|Norway Wiki Topics|
|Local Research Resources|
Getting started with Norway research
FamilySearch Wiki is a community website dedicated to helping people throughout the world learn how to find their ancestors. Through the Norway Portal page you can learn how to find, use, and analyze Norwegian records of genealogical value. The content is variously targeted to beginners, intermediate, and expert researchers. Please visit the Contributor Help page to learn more about using the site. The Norway Portal Page is a work in progress, your contributions and feedback are essential!
Digitalarkivet (Norway's Digital Archives)
The National Archival Services of Norway maintains a website in which you can search in transcribed source material for free.
Please note that this site is undergoing a restructuring. On March 31, 2014 the old system of searching will be replaced by the new. A very substantial difference between the new Digital Archives (DA) and the old (ODA) is that users are now able to search across all sources at once.
To use this choose Select Source (Finn Kilde) from the menu. Here you may choose the type of record you want to search for the geographical location of your choice.
Scanned images of the original church books are also found on the Digital Archives. The Parish Registers interface can be used in English, Norwegian (Bokmål), Norwegian (Nynorsk) or Samisk (Davvisámegiella). However, the records are written in Norwegian.
A wiki article describing an online collecton is found at:
- Norway Baptisms (FamilySearch Historical Records)
- Norway Burials (FamilySearch Historical Records)
- Norway 1875 Census (FamilySearch Historical Records)
- Norway Marriages, (FamilySearch Historical Records)
- (helpful tools and resources, gazetteers)
- (language dictionary, handwriting guide or tutorial, etc.)
The Moderator for the Norway content is steuartrc. In order to make this wiki a better research tool, we need your help! Many tasks need to be done. You can help by:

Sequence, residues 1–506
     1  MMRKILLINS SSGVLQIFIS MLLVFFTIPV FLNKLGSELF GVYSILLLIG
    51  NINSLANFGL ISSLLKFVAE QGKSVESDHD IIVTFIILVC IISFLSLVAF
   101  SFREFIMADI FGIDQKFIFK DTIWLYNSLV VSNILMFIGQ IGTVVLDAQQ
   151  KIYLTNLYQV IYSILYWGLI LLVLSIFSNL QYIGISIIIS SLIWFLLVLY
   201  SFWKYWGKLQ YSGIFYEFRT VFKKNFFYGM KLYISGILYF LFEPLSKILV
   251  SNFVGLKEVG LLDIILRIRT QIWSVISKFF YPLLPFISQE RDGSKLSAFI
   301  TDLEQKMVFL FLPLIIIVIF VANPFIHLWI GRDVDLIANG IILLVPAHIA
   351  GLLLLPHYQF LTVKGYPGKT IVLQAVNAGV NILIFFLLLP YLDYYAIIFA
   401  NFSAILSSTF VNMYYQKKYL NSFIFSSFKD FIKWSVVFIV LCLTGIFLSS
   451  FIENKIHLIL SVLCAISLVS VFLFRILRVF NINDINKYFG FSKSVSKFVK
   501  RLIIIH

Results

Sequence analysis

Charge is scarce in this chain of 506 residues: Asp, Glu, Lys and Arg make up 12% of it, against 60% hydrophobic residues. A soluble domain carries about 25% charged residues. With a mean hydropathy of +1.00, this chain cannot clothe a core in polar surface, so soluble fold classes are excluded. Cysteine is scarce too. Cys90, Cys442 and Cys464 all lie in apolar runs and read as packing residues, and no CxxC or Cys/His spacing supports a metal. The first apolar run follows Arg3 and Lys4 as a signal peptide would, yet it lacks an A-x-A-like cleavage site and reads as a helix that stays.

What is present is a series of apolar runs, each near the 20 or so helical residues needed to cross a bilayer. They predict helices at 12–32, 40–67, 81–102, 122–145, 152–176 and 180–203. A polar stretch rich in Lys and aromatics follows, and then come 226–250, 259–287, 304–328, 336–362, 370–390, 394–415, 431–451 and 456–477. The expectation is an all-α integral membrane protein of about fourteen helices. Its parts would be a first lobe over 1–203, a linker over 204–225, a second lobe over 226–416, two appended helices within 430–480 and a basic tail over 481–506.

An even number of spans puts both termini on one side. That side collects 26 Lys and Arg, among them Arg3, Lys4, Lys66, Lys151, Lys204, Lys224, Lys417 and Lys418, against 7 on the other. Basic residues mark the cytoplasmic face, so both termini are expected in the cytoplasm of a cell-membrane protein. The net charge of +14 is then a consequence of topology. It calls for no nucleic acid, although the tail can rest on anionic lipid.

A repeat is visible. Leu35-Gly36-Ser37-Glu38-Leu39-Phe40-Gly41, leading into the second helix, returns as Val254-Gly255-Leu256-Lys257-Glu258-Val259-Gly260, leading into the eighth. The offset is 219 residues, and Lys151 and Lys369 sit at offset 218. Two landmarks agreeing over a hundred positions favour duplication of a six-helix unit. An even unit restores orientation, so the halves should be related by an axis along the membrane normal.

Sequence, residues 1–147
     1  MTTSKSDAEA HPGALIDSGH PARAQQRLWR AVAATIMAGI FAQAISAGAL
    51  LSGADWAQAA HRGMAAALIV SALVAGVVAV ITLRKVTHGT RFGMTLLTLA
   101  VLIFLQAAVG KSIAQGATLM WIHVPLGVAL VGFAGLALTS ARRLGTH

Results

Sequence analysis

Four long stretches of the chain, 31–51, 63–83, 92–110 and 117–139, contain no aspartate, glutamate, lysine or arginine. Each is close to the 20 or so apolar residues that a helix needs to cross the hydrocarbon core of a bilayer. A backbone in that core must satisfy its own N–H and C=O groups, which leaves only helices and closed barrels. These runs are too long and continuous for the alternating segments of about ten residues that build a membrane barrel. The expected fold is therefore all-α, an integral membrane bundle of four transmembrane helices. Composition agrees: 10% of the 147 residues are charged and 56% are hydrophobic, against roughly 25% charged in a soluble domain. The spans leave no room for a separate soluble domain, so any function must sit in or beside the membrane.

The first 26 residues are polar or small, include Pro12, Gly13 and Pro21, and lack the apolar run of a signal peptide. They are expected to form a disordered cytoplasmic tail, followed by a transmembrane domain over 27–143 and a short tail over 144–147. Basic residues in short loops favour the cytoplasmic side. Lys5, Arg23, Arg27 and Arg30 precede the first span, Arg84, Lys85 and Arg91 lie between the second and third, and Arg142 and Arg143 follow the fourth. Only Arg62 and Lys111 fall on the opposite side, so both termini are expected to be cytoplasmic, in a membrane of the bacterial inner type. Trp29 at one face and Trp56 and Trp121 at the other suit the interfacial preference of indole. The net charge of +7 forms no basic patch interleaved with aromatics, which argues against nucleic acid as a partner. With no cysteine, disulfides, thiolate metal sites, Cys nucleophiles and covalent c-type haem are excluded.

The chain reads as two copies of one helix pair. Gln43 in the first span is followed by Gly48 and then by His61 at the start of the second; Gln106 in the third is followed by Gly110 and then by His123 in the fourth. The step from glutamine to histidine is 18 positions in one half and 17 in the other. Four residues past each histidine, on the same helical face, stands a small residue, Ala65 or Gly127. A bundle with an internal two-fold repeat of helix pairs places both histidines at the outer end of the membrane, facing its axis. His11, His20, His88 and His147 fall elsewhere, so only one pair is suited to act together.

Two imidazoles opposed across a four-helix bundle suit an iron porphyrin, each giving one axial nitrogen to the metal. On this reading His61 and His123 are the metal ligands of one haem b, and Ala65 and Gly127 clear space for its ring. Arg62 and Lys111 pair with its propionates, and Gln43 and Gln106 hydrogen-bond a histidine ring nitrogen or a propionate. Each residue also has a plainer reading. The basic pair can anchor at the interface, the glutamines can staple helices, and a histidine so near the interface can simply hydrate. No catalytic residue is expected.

Take a look at the Bergen Norway Page, it contains links to some of the Emigrants leaving Norway for the United States from the ports in Bergen. Another useful Website for Norway research is Fylkesarkivet i Sogn, can be read in English or Norweigian.
Did you know?
- You can view photos of churches in Norway.
- You can also view a Photo Album of Farms as part of the digital archives of the Norwegian National Archives. It contains patron-submitted photos of 1900-era farms. There is a link in the album between a farm photo and the respective farm in the 1900 census list, so that one can find information on the farm and household.
- During the 1500-1800’s it was very common for the Norwegian people to use what is called a patronymic naming system. They would take the father’s given name and add “sen/son” or “datter”. Others chose to use the name of the farm they were associated with as their last names. This really was an address, but some of these farm names were continued through many generations and have become last names.
- In 1923 a new naming law (Navneloven av 1923) came into effect, and people now had to choose a family name. The change from patronymics to family names had already started in the mid-1870; the cities had started a little earlier and the smaller parishes a little later. However, the law was approved 1923.
In 2003 another law was put into practice. It was now again legal to choose a patronymic or matronymic name.
- Farm names are very important in locating people in Norway. Through these names you can find parishes and then your ancestors in the parish registers.
- There is a Norwegian Farm Book Extraction Project. Contact Roger Magneson only if you wish to& participate in indexing. MagnesonR@familysearch.org